One of every four fishes in streams of 12 western states is non-native, according to a U.S. Geological Survey (USGS) study published in November 2005 in the North American Journal of Fisheries Management. And, researchers found, it´s not just that there are a lot of non-native fishes but they are also widespread – flourishing in half of the streams in these states in pristine as well as highly disturbed habitats.
The results of this study are especially relevant in light of last week´s announcement of a fish-habitat restoration partnership of federal, state, and local agencies, conservation groups, angling industries, and academia.
To reach their conclusions, study authors Charles Schade, University of Arizona, and Scott Bonar, a USGS researcher at the Arizona Cooperative Fish and Wildlife Research Unit at the University of Arizona, reviewed Environmental Protection Agency (EPA) data from one of the largest standardized stream surveys ever conducted in the western United States. The survey covered nearly 404,000 miles of streams in Arizona, California, Colorado, Idaho, Montana, Nevada, North Dakota, Oregon, South Dakota, Utah, Washington and Wyoming.
Bonar said that non-native fishes were most common in streams of the interior states of Arizona, Colorado, Nevada, Utah, and Montana. In Arizona, Colorado, Montana, North Dakota, South Dakota and Utah, non-native fishes were found in more than 50 percent of all streams surveyed. In Colorado, in fact, two of every three fishes were non-native, followed by Arizona, where one of every two fish was non-native. In North Dakota, however, only 1 in 12 fish was non-native.
In about 11 percent of streams in all the states, said Bonar, all fishes were non-native, though native fishes solely inhabited about 50 percent of streams – mostly in forested areas.
One of the more surprising findings of the study was that the researchers found that there were generally more non-native fish than native fish in less disturbed streams, although non-native fishes were also quite common in the most disturbed streams. "Basically," said Bonar, "non-native fishes were found across the landscape in all habitat types, though streams in forested areas were less likely to contain non-native fish. Our data suggest that no matter how pristine the habitat type, there exists a non-native species that can colonize it."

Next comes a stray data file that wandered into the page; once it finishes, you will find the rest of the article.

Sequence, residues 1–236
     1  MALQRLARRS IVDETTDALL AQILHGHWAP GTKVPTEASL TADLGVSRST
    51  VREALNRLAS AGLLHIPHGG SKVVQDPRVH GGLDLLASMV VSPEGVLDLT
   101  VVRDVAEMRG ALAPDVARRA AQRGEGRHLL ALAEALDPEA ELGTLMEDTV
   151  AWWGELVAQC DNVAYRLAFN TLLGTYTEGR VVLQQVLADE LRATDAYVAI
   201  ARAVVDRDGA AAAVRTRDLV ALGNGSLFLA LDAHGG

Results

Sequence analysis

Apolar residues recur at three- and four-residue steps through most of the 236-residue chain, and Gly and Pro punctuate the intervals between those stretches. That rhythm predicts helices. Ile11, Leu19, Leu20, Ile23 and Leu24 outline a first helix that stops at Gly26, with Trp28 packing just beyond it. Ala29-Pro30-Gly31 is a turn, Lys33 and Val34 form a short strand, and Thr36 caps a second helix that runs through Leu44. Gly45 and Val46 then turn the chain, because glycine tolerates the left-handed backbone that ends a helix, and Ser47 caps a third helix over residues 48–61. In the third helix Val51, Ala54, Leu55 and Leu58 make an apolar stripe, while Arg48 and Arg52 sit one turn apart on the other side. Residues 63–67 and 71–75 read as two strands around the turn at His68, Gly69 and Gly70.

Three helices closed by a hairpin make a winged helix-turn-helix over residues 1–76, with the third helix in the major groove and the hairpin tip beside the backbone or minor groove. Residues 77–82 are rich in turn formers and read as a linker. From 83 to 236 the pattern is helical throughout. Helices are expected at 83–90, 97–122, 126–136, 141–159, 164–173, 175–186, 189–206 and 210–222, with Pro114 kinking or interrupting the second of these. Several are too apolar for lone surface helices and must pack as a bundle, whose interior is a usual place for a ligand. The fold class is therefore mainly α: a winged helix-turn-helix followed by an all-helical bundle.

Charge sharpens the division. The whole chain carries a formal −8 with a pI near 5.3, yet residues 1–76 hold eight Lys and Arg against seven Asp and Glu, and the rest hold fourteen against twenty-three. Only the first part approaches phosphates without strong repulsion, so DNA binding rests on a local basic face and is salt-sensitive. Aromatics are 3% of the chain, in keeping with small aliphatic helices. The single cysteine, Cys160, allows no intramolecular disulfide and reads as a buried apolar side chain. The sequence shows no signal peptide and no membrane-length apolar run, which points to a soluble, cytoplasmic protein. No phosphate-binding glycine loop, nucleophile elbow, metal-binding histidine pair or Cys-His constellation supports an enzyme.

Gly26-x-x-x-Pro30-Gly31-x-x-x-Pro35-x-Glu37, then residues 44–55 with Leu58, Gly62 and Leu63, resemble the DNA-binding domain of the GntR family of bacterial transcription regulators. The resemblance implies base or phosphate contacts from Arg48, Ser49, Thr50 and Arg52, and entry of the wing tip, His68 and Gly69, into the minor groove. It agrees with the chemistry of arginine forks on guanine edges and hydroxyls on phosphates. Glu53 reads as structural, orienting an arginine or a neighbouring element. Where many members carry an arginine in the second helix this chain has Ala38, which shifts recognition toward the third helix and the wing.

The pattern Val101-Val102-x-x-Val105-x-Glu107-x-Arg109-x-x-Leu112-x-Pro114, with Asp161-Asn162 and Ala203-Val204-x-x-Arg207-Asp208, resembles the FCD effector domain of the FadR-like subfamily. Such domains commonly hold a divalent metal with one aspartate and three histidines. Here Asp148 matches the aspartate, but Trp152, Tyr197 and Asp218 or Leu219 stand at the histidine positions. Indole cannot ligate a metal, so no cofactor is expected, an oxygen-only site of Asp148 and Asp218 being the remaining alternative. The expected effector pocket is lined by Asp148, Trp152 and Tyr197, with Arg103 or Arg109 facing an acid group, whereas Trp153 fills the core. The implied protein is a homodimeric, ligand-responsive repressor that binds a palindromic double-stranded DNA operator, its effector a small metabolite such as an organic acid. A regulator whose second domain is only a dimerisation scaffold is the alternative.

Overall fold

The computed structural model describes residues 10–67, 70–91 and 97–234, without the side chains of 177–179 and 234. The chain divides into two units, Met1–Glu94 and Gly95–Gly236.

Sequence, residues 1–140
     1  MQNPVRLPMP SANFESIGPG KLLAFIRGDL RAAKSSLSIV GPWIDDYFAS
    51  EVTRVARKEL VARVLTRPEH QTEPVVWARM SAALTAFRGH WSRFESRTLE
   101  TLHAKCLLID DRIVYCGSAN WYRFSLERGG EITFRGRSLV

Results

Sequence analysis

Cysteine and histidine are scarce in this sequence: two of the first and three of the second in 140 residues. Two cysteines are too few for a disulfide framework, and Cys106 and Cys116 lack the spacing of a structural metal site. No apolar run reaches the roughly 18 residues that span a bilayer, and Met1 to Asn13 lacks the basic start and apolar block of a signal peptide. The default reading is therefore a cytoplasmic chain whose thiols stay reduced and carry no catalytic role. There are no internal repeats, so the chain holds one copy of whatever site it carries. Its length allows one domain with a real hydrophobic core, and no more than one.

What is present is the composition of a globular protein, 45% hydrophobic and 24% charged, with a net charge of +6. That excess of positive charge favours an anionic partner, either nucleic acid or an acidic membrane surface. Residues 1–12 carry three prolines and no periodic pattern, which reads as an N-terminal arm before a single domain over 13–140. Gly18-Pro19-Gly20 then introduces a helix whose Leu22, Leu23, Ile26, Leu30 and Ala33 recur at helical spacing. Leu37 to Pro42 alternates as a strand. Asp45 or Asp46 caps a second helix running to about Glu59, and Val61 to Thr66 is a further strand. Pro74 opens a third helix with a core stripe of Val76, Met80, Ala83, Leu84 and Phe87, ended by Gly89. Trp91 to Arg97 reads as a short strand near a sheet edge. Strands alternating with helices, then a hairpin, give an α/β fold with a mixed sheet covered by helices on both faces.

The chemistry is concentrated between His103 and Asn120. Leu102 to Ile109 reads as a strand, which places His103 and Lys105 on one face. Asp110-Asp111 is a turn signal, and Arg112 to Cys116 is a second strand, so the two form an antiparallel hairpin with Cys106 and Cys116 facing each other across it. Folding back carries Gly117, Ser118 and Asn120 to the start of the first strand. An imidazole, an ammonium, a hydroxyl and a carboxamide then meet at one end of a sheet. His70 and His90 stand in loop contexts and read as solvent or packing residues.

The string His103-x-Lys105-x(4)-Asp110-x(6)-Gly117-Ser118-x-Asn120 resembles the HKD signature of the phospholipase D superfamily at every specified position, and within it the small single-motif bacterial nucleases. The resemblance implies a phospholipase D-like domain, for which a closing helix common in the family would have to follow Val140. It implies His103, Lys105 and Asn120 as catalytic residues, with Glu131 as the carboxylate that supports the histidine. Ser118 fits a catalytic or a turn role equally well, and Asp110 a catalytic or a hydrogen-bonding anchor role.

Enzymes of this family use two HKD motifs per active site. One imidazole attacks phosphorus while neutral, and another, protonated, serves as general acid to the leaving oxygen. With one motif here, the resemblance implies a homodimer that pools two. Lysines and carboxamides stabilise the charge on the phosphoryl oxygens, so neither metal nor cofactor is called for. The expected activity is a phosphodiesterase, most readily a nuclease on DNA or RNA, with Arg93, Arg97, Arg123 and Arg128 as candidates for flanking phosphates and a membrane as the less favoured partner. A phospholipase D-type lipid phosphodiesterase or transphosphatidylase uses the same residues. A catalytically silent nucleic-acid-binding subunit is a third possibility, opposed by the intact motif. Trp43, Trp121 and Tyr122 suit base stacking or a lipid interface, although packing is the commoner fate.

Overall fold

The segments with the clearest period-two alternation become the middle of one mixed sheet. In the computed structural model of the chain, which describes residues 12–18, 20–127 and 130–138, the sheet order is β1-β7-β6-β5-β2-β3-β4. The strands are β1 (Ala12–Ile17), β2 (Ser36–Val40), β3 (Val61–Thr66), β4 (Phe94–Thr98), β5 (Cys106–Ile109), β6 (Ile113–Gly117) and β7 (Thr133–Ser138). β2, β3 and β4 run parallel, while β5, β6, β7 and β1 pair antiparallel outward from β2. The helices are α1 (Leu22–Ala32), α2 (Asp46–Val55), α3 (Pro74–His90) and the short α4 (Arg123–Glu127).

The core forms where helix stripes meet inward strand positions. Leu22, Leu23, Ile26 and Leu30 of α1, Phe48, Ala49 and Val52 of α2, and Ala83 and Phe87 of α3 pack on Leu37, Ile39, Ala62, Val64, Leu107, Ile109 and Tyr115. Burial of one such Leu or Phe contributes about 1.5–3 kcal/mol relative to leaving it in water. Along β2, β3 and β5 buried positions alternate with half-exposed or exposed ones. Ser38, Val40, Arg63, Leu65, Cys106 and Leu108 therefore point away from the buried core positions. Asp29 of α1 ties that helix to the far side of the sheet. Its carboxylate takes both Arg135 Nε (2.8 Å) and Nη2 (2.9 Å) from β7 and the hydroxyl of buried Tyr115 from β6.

The study found that non-native fish were present in a much greater proportion of western streams (50 percent) than those scored by the EPA as affected by moderate to high levels of human impact (18 percent). "Without deemphasizing the importance of landscape disturbance by humans, we concluded that non-native fishes pose an equivalent, if not greater, threat to native fishes than habitat degradation in western U.S. streams," Bonar said. "Consequently, attention to both habitat degradation and the non-native species problem is important to effectively restore streams of the American West."
Bonar noted that the most common non-native fishes in western U.S. streams – such as brook, brown, cutthroat and rainbow trout; smallmouth and largemouth bass; mosquitofish; golden shiner; and common carp -- were introduced for sport, food, fish forage, mosquito control, and bait.
Last week, federal officials announced a new partnership that brings together the USGS, Fish and Wildlife Service, National Oceanic and Atmospheric Administration, state agencies and sportfishing and conservation groups to collaborate on fish-habitat restoration plans around the country.
The National Fish Habitat Action Plan calls for officials to "protect all healthy and intact fish habitats" by 2015 and improve the condition of 90 percent of priority habitats and species by 2020. About 40 percent of all freshwater fish species in the country are at risk of extinction, according the Fish and Wildlife Service.